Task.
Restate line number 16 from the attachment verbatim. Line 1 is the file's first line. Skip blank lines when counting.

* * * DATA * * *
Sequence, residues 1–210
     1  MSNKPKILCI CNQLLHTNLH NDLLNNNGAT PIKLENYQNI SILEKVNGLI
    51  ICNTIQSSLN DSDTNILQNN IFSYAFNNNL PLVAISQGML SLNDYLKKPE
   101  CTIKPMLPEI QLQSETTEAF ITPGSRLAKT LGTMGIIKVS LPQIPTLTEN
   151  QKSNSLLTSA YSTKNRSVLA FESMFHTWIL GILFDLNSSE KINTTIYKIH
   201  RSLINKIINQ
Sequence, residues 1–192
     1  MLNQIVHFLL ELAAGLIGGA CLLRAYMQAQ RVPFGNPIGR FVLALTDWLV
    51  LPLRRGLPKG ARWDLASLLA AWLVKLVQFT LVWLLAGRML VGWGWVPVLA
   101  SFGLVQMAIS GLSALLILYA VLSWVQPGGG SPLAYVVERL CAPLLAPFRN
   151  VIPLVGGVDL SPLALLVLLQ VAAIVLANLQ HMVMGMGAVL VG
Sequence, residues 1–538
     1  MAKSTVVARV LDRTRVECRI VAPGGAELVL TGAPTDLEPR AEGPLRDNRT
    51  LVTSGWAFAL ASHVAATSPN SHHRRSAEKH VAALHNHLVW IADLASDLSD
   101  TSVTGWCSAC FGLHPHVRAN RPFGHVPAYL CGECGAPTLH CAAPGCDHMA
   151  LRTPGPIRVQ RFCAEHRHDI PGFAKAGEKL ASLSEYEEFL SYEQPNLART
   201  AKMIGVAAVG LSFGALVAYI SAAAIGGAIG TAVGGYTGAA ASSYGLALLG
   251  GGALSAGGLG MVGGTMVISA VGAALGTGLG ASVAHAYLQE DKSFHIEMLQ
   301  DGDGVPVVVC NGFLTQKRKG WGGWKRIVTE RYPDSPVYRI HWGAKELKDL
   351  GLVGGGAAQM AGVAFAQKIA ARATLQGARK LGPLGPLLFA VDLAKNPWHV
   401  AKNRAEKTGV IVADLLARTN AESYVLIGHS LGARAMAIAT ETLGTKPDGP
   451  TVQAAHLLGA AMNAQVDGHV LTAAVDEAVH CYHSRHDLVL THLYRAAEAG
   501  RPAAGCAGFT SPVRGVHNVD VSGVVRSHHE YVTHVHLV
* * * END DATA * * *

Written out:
   151  LRTPGPIRVQ RFCAEHRHDI PGFAKAGEKL ASLSEYEEFL SYEQPNLART